- Jules Bastien-Lepage
- Le Petit Lord
- signed J. Bastien-Lepage and dated 1880 (lower right)
- oil on canvas
Pyms Gallery, London (acquired at the above sale)
Estate of Virginia S. Mailman, New York (acquired from Pyms Gallery in 1991 and sold, Sotheby's, New York, October 23, 2007, lot 2, illustrated)
At the same time, perhaps prompted by news of the burgeoning art trade in London, he sent the unlocated portrait of Mme. Lebegue to the Royal Academy and the following spring visited the city. Like many artists of the period, Bastien-Lepage hoped for lucrative portrait commissions that would sustain his more risky or experimental pictures of peasants. (As it turned out from 1881 onwards all of his important naturalist canvases were displayed in London and a number were produced specifically as speculative commissions for British dealers.) In July 1879, as he was about to return disappointed to his home village of Damvillers in the Meuse, he was summoned to Marlborough House and asked to paint the portrait of His Royal Highness the Prince of Wales (Royal Collection, Buckingham Palace) (Lobstein, 2007, pp. 120-1). Studies were produced and further sittings arranged for the following spring, when the painter was planning to show a group of portraits at the Grosvenor Gallery.
This small retrospective, which included the celebrated Sarah Bernhardt as well as Les Foins, was timed to coincide with the unveiling of the prince's portrait at the Royal Academy. Le Petit Lord,whether executed in London or Paris, comes from this busy time. It is nevertheless carefully wrought and shows no signs of hesitation or indecision.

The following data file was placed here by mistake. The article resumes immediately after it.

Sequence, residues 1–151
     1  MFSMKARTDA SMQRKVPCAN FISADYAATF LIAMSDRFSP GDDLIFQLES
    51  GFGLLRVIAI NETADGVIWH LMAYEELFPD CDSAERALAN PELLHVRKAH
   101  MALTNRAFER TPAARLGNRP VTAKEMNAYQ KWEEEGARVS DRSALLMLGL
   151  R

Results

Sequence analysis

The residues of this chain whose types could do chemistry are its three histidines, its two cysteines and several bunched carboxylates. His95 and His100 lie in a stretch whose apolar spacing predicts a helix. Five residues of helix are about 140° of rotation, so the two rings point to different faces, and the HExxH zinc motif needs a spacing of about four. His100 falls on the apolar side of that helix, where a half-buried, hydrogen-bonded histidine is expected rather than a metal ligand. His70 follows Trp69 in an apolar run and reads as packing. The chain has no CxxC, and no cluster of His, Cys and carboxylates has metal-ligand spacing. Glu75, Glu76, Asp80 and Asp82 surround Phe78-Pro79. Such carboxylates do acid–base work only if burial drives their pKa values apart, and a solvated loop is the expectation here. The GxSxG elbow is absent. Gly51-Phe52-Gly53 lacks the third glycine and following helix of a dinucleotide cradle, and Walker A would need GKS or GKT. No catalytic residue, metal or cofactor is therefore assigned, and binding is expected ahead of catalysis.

Most apposite is the contrast between this demure, self-confident, young aristocrat in the present work and the "restless, troublesome" reprobate who posed two years later for Petit cireur de bottes à Londres, (Musée des Arts décoratifs, Paris, see lot 6) (Mrs HM Stanley, p. 56; Gabriel P. Weisberg, The Realist Tradition, 1980, catalogue essay by Kenneth McConkey, exh. Cat., Cleveland, 1980, pp. 195-7; Lobstein, p. 158).
Although it is clear that the bootblack's environment, a busy street corner, was constantly changing, Bastien-Lepage wished to fix his features with the same formidable precision we see in Le Petit Lord. These two extremes in contemporary society — the lord and the pauper — merited equal attention in the eyes of a French republican. Both are individuals; both have commanding personalities. However, given the setting of the earlier portrait — a wealthy interior — the possibility for observing detail, in the writing desk, drapes and rich clothing was greater. An admirer of French and Flemish sixteenth century portraiture, Bastien-Lepage relished such surface complications. Yet they did not upstage his search for the distinctive character of the sitter. For him it was an issue of style. The fine features, rendered with clinical exactness looked through the surface and back to unseen forbears in the Tudor or French Renaissance courts. Le Petit Lord fully justifies Jules Breton's assertion at the time of the painter's death that in Bastien-Lepage, France had lost her Holbein.
Le Petit Lord was rediscovered two years after the publication of Marie-Madeleine Aubrun, Jules Bastien-Lepage, 1848-1884, catalogue raisonné, 1985 (Paris, privately printed).